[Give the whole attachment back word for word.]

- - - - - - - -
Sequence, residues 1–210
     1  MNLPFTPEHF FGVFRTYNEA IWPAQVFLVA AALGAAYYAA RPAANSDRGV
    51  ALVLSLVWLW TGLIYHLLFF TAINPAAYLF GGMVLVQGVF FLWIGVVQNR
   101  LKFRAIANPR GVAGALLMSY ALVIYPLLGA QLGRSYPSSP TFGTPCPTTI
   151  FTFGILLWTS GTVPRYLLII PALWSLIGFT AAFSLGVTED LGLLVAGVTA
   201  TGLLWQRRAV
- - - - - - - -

Sequence, residues 1–210
     1  MNLPFTPEHF FGVFRTYNEA IWPAQVFLVA AALGAAYYAA RPAANSDRGV
    51  ALVLSLVWLW TGLIYHLLFF TAINPAAYLF GGMVLVQGVF FLWIGVVQNR
   101  LKFRAIANPR GVAGALLMSY ALVIYPLLGA QLGRSYPSSP TFGTPCPTTI
   151  FTFGILLWTS GTVPRYLLII PALWSLIGFT AAFSLGVTED LGLLVAGVTA
   201  TGLLWQRRAV